Most recently the subject of a major retrospective at the Albertina Museum in Vienna, Helnwein’s work has been exhibited extensively worldwide, and is featured in the collections of important museums in Europe, Asia and the United States. We take a look at his studio portraits for posted for his current show in SF. More info at helnwein.com
Upper Playground artist, USUGROW took part in a large scale community art project called BCTION that just opened its doors to the public this week on Sept 1st. BCTION is an art project at a soon-to-be demolished building in Kojimachi, Tokyo, with over 50 up-and-coming Japanese artists.
The artists were allowed to express their art all over the floors and walls in the building, destined for destruction. The show will be open from September 1st to the 15th, 12PM to 8PM Daily.
Check out Usugrow and Yu Suda’s Interview in Japanese and additional Interviews and Photos of works in progress here:
Japanther, an art performance/ band established by Matt Reilly and Ian Vanek, made its name with unique performance situations, appearing alongside synchronized swimmers, atop the Williamsburg Bridge, with giant puppets, marionettes and shadow puppets, in the back of a moving truck in Soho, and at shows with giant dinosaurs and BMXers flying off the walls. And now they paint with skateboards. Matt Reilly adds paint to the wheels of his board and skates directly on to his canvas to create large, abstract paintings while putting on a live performance. The process is definitely an important part of the experience both for the artist and its audience, and the end result becomes more than just abstract color bands on a canvas. Take a look at their performance at Mana Contemporary and check out the resulting works from their recent show:
Daniel Firman’s fascinating sculptural works of conceptually challenging and humorous installations are worth a closer look. We examine his two elephant sculptures along with his recent works represented by the notorious Gallerie Perrotin:
Würsa 18,000 km above the Earth” 2006-2008 Elephant sculpture/taxidermy / Taxidermie d’éléphant 224 1/2 x 98 1/2 x 55 1/8 inches / 570 x 250 x 140 cm
“Nasutamanus” 2012 Fiberglass, polymer / Fibre de verre, polymère 90 1/2 x 207 3/4 x 48 1/2 inches / 230 x 528 x 123 cm
In 2007, after almost a decade of graffiti writing under various names and guises, Norwegian artist DOT DOT DOT (NO) took to stencil art with a passion. Since then he has become well known for his distinctive stenciled style recognized around the world. As someone schooled on the streets in Oslo’s Graffiti community, Dot Dot Dot drew inspiration from the worlds of contemporary art and politics and took full advantage of the social contexts as material for his work.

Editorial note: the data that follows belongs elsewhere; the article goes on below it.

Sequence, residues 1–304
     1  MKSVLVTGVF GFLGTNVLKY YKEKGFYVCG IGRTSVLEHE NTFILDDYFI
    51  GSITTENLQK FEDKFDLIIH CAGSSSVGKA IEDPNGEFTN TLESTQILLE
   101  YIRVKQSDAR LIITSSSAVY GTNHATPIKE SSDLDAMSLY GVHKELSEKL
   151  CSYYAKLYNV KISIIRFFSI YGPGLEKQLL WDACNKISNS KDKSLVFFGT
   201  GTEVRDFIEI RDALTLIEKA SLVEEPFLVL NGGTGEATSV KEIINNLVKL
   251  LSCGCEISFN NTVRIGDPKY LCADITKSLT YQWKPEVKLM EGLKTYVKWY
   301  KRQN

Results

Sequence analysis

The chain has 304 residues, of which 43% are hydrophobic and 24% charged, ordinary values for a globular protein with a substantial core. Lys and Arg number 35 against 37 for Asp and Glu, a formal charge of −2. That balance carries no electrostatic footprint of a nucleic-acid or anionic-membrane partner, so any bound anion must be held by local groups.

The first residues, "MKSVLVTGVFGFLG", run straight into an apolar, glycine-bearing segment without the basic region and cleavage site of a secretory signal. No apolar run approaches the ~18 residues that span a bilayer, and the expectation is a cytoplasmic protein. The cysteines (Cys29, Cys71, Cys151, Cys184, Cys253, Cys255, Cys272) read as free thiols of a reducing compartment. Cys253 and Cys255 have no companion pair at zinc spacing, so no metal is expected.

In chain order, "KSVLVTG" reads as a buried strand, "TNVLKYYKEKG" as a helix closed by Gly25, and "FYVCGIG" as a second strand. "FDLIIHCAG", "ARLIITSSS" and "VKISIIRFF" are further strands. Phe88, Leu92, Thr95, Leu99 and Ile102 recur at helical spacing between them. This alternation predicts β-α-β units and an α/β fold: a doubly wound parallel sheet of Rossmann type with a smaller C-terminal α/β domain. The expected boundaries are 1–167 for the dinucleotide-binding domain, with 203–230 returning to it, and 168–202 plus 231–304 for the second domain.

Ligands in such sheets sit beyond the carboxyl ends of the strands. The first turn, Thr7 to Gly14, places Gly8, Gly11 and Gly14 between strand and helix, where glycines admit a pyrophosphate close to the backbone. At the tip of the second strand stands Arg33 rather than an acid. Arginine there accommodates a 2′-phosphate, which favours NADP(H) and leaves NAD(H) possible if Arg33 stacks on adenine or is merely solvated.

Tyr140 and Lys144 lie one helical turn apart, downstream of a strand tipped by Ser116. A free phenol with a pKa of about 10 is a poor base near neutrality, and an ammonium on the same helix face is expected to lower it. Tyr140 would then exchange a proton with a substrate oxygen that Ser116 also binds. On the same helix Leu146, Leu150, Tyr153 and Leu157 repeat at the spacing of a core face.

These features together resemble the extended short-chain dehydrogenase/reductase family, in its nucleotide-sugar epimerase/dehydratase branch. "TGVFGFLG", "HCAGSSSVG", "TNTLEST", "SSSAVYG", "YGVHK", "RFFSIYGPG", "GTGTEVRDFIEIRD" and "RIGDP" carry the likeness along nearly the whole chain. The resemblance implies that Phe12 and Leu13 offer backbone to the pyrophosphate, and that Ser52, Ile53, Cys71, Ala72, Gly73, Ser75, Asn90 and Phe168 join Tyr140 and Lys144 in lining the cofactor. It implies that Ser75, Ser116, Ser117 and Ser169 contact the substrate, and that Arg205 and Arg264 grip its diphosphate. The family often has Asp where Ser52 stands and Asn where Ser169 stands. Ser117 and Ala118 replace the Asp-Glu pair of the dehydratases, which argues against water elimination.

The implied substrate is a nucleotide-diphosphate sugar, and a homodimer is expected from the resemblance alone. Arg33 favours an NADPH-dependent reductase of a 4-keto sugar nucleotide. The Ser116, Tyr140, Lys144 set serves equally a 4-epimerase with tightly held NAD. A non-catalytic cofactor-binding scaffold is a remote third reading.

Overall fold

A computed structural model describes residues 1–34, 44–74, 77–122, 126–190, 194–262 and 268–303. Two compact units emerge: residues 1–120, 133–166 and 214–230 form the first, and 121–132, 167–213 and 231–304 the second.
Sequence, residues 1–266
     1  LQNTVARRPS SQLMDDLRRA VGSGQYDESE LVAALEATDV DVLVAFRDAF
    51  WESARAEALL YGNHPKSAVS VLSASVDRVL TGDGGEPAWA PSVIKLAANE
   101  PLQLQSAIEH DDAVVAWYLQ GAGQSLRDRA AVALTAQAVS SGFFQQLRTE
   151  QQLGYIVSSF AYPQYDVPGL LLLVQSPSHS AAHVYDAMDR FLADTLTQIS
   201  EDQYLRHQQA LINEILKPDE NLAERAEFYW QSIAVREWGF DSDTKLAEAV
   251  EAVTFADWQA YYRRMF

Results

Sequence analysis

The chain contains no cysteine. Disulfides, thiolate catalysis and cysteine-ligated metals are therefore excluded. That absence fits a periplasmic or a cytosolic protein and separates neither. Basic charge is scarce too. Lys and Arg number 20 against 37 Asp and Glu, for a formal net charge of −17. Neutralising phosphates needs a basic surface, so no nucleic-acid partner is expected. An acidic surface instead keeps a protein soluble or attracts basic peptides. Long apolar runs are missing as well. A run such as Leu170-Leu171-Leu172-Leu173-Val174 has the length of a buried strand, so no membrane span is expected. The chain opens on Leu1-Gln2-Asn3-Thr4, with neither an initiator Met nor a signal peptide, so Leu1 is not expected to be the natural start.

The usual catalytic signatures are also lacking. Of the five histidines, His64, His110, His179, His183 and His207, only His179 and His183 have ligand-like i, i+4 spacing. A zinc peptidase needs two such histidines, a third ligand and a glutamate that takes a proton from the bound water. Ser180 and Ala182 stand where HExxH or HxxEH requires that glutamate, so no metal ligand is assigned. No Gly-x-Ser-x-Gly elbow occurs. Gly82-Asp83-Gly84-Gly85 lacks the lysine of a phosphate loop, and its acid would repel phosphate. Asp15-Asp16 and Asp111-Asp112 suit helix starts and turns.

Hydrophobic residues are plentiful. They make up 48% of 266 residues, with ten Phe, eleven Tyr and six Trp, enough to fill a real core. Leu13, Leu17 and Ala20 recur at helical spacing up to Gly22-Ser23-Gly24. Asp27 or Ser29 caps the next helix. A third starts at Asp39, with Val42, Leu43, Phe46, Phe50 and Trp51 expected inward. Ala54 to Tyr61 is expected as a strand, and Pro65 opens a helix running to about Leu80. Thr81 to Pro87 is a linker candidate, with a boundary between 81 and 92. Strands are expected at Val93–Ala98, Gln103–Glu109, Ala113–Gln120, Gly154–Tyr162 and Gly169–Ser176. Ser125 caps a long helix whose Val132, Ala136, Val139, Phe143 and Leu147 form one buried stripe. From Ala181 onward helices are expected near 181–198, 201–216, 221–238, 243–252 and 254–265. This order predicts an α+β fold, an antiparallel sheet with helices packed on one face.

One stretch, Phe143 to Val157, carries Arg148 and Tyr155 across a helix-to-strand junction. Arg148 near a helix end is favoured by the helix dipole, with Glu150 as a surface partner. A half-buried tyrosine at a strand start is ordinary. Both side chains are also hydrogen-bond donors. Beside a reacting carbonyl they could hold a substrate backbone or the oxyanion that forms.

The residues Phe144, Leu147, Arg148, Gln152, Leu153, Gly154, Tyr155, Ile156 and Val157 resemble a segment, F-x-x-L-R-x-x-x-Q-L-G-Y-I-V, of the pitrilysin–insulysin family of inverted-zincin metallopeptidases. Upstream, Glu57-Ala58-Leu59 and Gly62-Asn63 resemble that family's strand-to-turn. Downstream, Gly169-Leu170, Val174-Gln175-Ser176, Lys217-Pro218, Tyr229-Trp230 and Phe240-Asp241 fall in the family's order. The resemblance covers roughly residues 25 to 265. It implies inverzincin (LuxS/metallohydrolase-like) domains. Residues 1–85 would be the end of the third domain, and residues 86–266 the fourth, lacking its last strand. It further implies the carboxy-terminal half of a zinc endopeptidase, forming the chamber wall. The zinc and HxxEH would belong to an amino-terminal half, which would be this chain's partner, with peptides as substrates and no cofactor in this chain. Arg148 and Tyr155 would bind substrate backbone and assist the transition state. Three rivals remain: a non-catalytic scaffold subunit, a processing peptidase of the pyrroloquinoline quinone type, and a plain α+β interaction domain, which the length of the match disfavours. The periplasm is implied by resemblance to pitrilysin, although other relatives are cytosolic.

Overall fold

The show, While you slept , presents a body of work that combines both well known key works from his career with a series of original works created for the occasion. Dot Dot Dot’s clever angle on the contemporary art world and its politics is brought together finally in one place for a debut solo exhibition at Reed Projects and open to the public until June 28th.
Dot Dot Dot
While You Slept…
Skur 2 Skansenkaien, Stavanger, Norway.
Until June 28th www.reedprojects.no
Internationally recognized artist, Henrique Oliveira poses a poetic discussion of history of architecture, of shelters and caves of the past by a challenging installation occupying 1600 m² building with strong brand of modern sculpture Niemeyer at MAC USP, Brazil.
The giant snaking columns designed by the architect curve through the space creating caverns, pathways and obstacles for the audience. Transarquitetônica of Henrique Oliveira is not just an installation, but commands itself as a place, a route with multiple possibilities that ends where it began. It is a work of architecture that combines sculpture and painting, offering various stimuli that the visitor gets to go to work.
The exhibition remains until November 30, open to the public on Tuesdays from 10 am to 21 pm and Wednesday through Sunday from 10 to 18 hours. Admission is free so be sure to check it out if you’re in Sao Paulo for the World Cup 2014: